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Pixy Wood

From The Topeka State Journal, October 24, 1912.
By Madison Cawein.

 The vat-like cups of the fungus, filled
   With the rain that fell last night,
 Are tuns of wine that the elves distilled
   For revels that the moon did light.
 The owlet there with her “Who-oh-who,”
   And the frog with his “All is right,”
 Could tell a tale if they wanted to
   Of what took place last night.
 In that hollow beech, where the wood decays,
   Their toadstool houses stand,
 A little village of drabs and grays,
   Cone-roofed, of fairy-land.
 That moth, which gleams like a lichen there,
   Is one of an elfin band
 That whisks away if you merely dare
   To try to understand.
 The snail, which slides on that mushroom’s top,
   And the slug on its sleepy trail,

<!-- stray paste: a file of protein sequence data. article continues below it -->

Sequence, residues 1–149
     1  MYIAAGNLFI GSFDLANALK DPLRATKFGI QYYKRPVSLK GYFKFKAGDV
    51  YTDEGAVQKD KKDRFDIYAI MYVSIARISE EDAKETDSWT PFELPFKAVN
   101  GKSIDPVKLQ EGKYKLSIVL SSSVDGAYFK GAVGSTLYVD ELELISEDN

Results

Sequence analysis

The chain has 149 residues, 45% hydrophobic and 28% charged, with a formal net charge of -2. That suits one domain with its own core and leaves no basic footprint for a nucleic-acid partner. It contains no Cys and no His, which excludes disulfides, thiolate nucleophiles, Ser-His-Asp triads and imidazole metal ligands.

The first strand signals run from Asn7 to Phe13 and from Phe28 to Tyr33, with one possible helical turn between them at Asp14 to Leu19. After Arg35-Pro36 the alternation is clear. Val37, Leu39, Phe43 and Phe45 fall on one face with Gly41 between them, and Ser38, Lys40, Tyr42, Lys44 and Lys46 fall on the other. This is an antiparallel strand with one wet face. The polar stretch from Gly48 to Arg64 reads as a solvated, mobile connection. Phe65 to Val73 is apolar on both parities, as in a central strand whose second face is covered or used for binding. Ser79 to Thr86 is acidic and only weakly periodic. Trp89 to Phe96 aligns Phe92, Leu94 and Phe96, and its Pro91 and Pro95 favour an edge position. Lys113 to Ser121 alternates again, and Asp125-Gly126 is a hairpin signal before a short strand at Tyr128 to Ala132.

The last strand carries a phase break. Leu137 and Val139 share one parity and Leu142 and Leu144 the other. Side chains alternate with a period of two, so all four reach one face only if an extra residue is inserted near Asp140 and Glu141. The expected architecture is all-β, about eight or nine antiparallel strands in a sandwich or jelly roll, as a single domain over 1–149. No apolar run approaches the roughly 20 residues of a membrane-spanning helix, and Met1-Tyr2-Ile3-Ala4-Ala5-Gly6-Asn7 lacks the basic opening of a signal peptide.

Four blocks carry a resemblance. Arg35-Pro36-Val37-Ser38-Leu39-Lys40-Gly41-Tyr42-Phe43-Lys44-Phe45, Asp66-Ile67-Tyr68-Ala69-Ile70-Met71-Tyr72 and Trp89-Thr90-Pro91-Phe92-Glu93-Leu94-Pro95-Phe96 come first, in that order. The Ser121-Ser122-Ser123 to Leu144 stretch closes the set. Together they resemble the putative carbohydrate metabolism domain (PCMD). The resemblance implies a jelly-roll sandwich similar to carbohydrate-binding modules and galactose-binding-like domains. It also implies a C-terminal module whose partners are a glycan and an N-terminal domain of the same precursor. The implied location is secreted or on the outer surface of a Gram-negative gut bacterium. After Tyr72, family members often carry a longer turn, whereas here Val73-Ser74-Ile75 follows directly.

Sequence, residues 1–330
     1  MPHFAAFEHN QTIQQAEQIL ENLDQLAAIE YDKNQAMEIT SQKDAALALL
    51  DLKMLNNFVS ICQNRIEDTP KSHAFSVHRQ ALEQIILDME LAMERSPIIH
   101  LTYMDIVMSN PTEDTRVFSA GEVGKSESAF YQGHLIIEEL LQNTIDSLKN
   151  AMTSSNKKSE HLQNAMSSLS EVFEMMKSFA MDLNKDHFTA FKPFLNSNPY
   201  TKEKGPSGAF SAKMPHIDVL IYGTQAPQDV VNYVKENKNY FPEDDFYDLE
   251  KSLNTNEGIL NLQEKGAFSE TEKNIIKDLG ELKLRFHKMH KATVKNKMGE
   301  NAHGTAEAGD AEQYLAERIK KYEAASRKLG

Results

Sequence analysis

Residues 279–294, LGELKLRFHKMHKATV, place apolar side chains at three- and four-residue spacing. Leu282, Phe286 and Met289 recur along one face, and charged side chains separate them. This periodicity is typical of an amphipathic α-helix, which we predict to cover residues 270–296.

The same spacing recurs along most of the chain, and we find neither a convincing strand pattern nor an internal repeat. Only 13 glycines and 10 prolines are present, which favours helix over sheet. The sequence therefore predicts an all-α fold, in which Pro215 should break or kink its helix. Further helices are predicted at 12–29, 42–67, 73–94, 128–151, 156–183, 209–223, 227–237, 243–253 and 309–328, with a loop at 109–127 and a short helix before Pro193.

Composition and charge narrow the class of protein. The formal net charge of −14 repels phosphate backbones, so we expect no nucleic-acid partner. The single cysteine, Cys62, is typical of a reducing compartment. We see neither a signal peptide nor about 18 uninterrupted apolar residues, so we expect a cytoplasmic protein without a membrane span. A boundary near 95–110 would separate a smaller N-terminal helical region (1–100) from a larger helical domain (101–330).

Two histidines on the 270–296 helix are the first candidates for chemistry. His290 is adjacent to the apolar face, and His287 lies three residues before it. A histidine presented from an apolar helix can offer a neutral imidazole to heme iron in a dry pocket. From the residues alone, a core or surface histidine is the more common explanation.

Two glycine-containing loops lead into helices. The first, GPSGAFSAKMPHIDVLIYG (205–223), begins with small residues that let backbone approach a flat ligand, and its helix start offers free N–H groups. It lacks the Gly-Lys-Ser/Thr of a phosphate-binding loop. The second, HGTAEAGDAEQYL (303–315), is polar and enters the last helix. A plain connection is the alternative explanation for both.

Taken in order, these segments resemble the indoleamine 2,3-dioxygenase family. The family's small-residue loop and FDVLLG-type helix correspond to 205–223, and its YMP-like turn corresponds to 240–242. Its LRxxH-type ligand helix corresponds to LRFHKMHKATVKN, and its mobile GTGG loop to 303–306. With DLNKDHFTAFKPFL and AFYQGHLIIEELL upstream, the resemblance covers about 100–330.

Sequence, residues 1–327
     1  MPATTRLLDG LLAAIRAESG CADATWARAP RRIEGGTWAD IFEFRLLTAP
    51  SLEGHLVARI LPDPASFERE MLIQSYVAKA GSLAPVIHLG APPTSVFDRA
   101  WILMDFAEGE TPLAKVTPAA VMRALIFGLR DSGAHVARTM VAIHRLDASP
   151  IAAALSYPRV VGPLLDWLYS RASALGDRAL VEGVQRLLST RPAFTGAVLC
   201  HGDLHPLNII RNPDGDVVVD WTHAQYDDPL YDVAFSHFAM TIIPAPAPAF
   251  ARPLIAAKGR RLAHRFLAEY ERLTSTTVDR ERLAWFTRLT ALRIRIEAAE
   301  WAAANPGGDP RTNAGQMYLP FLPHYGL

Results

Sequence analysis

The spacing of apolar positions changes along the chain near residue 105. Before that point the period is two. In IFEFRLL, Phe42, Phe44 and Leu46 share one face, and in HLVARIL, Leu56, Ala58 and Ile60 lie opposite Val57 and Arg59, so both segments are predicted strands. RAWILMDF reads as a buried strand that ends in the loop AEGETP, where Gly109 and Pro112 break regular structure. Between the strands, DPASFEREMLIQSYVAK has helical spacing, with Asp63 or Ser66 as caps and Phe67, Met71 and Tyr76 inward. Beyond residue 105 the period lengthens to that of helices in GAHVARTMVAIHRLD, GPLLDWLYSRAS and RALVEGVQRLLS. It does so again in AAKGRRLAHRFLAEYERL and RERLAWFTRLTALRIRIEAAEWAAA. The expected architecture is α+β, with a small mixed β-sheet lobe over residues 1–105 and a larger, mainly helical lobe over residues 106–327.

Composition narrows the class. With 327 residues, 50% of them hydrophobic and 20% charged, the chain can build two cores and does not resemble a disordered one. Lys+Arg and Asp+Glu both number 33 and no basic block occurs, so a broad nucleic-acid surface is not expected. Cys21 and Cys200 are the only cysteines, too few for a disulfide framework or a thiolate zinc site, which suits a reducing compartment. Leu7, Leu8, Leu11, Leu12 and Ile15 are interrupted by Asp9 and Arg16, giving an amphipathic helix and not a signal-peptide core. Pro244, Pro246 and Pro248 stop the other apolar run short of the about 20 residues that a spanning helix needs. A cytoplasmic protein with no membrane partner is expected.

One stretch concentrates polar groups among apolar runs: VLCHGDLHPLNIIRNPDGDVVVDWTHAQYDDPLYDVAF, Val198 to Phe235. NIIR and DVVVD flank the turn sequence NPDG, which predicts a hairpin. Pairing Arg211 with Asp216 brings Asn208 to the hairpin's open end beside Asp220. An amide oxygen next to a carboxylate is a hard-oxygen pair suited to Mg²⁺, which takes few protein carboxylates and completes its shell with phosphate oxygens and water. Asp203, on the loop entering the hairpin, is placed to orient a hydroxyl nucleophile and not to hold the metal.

Wax fat on the things the elves let drop
   At feast in the moonlight pale.
 The whippoorwill, which grieves and grieves,
   If it would, could tell a tale
 Of what took place here under the leaves
   Last night on the Dreamland Trail.
 The trillium there and the May-apple,
   With their white eyes opened wide,
 Of many a secret sight could tell
   If speech were not denied:
 Of many a pixy revelry
   And rout on which they’ve spied,
 With the hollow tree, which there, you see,
   Opens its eye-knots wide.

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